Crusader Staff Report
Macy’s has settled a disability lawsuit filed after the company fired a former employee with asthma who was terminated from the State Street store in 2015 following a medical emergency, the EEOC announced April 18.
Macy’s will pay Letishia Moore $75,000 as part of a settlement with EEOC, which filed a lawsuit after Macy’s and the agency failed to reach an agreement in June 2017.
The EEOC said it found “reasonable cause” that Macy’s violated the American Disability Act when it fired Moore when a medical emergency prevented her from working her shift on June 7, 2017. She was released after being treated in the emergency room, according to the suit.
According to the EEOC’s lawsuit, Moore worked for Macy’s for nearly eight years, but she was fired after a one-day absence due to needing immediate medical attention for her asthma. Macy’s policy permits absences for disability-related reasons. However, in this case, Macy’s denied the employee’s request to excuse the absence, even though she had to be seen in a hospital emergency room, and fired her three weeks later.
According to the complaint, Moore has asthma that “substantially limits her major life activities, including but not limited to breathing and can be fatal without treatment.” The suit also says Moore has a record of her impairment that she provided to Macy’s during her employment at the State Street store.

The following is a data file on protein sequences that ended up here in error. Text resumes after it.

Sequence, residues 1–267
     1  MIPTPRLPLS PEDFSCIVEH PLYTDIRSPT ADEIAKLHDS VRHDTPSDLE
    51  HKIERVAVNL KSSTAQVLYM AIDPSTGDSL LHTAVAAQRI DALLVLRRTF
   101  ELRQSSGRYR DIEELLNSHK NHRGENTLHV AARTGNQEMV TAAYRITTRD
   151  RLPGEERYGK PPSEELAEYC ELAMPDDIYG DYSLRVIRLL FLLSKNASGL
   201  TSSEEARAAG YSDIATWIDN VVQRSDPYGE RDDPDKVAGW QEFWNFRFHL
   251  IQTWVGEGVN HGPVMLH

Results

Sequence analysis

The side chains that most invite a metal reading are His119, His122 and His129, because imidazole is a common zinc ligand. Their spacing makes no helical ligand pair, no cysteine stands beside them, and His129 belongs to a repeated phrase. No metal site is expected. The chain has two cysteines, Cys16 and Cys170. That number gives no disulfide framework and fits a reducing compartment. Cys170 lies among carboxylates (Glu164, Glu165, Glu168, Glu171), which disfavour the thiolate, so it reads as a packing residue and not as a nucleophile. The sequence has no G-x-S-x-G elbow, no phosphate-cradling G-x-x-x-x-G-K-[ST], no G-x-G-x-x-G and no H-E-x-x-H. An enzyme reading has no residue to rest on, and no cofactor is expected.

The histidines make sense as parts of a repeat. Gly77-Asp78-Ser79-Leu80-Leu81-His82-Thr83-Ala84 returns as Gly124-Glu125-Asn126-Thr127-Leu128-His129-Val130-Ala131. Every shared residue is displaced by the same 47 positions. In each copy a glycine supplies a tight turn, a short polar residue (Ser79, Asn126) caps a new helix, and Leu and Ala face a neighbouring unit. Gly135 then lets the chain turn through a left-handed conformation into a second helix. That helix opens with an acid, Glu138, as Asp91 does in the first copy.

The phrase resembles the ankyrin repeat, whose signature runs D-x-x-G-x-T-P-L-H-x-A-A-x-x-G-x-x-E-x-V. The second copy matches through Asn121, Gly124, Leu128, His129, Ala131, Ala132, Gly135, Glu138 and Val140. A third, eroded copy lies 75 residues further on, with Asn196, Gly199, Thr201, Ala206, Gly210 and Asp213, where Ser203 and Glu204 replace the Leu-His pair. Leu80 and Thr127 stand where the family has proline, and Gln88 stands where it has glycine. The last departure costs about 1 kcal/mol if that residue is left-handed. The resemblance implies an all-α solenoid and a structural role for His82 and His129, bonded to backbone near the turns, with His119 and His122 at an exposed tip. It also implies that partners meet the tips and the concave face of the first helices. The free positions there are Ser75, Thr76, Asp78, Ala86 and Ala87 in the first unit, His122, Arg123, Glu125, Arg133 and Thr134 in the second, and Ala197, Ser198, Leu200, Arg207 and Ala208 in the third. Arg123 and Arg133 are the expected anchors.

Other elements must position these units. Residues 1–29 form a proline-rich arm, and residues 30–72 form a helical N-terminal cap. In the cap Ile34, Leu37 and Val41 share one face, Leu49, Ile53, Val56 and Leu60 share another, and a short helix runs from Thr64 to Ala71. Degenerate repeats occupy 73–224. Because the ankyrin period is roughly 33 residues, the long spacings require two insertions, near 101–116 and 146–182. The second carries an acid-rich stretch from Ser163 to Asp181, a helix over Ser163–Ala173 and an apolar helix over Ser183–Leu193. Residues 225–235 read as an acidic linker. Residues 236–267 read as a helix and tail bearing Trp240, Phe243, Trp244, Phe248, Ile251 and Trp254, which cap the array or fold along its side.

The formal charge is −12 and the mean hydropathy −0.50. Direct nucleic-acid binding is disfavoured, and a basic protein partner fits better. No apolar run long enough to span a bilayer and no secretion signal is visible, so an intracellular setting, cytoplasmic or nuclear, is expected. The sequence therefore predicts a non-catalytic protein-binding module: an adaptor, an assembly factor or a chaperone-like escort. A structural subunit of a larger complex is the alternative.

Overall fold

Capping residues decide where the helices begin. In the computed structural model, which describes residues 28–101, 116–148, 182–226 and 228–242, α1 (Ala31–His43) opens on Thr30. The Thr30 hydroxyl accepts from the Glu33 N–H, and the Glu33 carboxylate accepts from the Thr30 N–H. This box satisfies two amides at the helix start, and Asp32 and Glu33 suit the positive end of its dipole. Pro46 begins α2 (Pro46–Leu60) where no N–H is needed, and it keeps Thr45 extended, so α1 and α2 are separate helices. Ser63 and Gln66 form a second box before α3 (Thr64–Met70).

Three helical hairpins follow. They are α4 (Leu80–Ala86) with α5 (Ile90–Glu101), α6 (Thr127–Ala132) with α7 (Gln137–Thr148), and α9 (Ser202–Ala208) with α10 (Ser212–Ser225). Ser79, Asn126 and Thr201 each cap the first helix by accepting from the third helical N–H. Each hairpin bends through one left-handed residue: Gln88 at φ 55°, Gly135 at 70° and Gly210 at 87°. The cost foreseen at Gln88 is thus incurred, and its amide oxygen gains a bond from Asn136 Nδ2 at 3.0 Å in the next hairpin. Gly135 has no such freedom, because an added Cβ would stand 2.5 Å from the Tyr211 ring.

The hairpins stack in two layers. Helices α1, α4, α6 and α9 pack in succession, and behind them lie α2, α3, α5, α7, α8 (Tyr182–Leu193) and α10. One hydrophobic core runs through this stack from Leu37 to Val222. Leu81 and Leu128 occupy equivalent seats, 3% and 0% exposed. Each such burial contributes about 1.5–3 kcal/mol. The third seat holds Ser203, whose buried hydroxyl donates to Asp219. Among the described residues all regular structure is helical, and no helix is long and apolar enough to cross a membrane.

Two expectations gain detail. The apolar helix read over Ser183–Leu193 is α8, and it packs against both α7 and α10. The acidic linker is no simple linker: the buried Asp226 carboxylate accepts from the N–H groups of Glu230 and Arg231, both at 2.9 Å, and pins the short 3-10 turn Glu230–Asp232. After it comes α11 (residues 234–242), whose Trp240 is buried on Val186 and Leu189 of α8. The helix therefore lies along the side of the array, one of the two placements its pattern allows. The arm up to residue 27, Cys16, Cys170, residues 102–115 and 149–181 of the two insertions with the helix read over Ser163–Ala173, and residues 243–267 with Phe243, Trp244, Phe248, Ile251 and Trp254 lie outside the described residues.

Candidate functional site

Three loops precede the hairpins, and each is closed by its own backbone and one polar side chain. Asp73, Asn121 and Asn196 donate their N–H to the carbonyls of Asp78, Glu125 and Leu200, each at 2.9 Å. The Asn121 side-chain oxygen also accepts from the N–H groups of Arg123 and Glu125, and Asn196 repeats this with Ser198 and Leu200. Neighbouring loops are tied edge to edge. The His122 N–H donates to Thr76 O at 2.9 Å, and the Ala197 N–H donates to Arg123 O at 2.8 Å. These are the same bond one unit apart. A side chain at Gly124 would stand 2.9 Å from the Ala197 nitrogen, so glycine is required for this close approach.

The EEOC’s lawsuit said Macy’s “failed to provide the reasonable accommodation Moore requested or any other accommodation and terminated Moore’s employment because of her disability. “
On August 16, 2017, the EEOC filed suit in the U.S. District Court for the Northern District of Illinois, Eastern Division after first attempting to reach a pre-litigation settlement through the EEOC’s conciliation process.
The $75,00 Macy’s has agreed to settle the lawsuit is part of a consent decree settling the suit and will provide additional relief intended to improve Macy’s workplace for employees with disabilities. Under the decree, Macy’s will train certain employees on disability law and accommodation requirements under the ADA. Macy’s will also monitor requests for accommodation and complaints of disability discrimination at its two Chicago stores and report those to the EEOC.
The EEOC does not say whether Moore will receive her job back at Macy’s State Street store.
“The ADA requires employers to reasonably accommodate disability-related absences that enable their employees to perform their job,” said Julianne Bowman, EEOC’s district director in Chicago. “Here, a one-day absence would have enabled the employee to return to the job she held for almost eight years. We are pleased with today’s settlement which will compensate the victim and monitor Macy’s accommodation practices with respect to the ADA.”
Greg Gochanour, the regional attorney of EEOC’s Chicago District Office, said in a statement, “Macy’s response to the employee’s absence was not reasonable. The employee found herself in a potentially life threatening circumstance and phoned Macy’s to explain her absence before going to the hospital. The following day, she provided Macy’s documentation from the hospital showing she was treated for asthma. Rather than accommodate the employee, Macy’s fired her.”